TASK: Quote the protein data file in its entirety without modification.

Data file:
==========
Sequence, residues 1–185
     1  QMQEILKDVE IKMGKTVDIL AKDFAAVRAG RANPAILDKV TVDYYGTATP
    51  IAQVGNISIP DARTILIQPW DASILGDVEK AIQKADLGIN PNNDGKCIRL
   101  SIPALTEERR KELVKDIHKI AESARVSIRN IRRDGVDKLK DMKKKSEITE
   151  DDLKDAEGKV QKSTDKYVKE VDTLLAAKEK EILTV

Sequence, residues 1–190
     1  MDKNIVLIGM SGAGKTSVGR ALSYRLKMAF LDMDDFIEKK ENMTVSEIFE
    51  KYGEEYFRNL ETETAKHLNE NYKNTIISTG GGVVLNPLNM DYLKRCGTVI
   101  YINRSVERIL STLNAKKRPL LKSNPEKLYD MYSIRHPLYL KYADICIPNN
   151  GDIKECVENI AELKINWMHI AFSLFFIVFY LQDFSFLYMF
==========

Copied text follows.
Sequence, residues 1–185
     1  QMQEILKDVE IKMGKTVDIL AKDFAAVRAG RANPAILDKV TVDYYGTATP
    51  IAQVGNISIP DARTILIQPW DASILGDVEK AIQKADLGIN PNNDGKCIRL
   101  SIPALTEERR KELVKDIHKI AESARVSIRN IRRDGVDKLK DMKKKSEITE
   151  DDLKDAEGKV QKSTDKYVKE VDTLLAAKEK EILTV

Sequence, residues 1–190
     1  MDKNIVLIGM SGAGKTSVGR ALSYRLKMAF LDMDDFIEKK ENMTVSEIFE
    51  KYGEEYFRNL ETETAKHLNE NYKNTIISTG GGVVLNPLNM DYLKRCGTVI
   101  YINRSVERIL STLNAKKRPL LKSNPEKLYD MYSIRHPLYL KYADICIPNN
   151  GDIKECVENI AELKINWMHI AFSLFFIVFY LQDFSFLYMF